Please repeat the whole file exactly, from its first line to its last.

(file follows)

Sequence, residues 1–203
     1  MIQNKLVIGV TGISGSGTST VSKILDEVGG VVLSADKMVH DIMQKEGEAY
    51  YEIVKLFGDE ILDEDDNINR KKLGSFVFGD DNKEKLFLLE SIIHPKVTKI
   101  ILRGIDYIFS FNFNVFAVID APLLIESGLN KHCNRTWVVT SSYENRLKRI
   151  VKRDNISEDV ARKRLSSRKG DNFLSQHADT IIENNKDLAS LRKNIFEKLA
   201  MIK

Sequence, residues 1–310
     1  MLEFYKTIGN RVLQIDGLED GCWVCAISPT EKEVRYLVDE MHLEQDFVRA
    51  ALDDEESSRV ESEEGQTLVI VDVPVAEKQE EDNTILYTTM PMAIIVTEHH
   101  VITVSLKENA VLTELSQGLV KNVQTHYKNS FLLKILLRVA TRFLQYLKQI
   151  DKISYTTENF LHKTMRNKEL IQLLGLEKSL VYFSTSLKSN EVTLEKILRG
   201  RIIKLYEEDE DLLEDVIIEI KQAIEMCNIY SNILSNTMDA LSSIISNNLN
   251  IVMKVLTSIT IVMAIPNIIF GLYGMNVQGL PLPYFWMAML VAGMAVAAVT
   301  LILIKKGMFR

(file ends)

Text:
Sequence, residues 1–203
     1  MIQNKLVIGV TGISGSGTST VSKILDEVGG VVLSADKMVH DIMQKEGEAY
    51  YEIVKLFGDE ILDEDDNINR KKLGSFVFGD DNKEKLFLLE SIIHPKVTKI
   101  ILRGIDYIFS FNFNVFAVID APLLIESGLN KHCNRTWVVT SSYENRLKRI
   151  VKRDNISEDV ARKRLSSRKG DNFLSQHADT IIENNKDLAS LRKNIFEKLA
   201  MIK

Sequence, residues 1–310
     1  MLEFYKTIGN RVLQIDGLED GCWVCAISPT EKEVRYLVDE MHLEQDFVRA
    51  ALDDEESSRV ESEEGQTLVI VDVPVAEKQE EDNTILYTTM PMAIIVTEHH
   101  VITVSLKENA VLTELSQGLV KNVQTHYKNS FLLKILLRVA TRFLQYLKQI
   151  DKISYTTENF LHKTMRNKEL IQLLGLEKSL VYFSTSLKSN EVTLEKILRG
   201  RIIKLYEEDE DLLEDVIIEI KQAIEMCNIY SNILSNTMDA LSSIISNNLN
   251  IVMKVLTSIT IVMAIPNIIF GLYGMNVQGL PLPYFWMAML VAGMAVAAVT
   301  LILIKKGMFR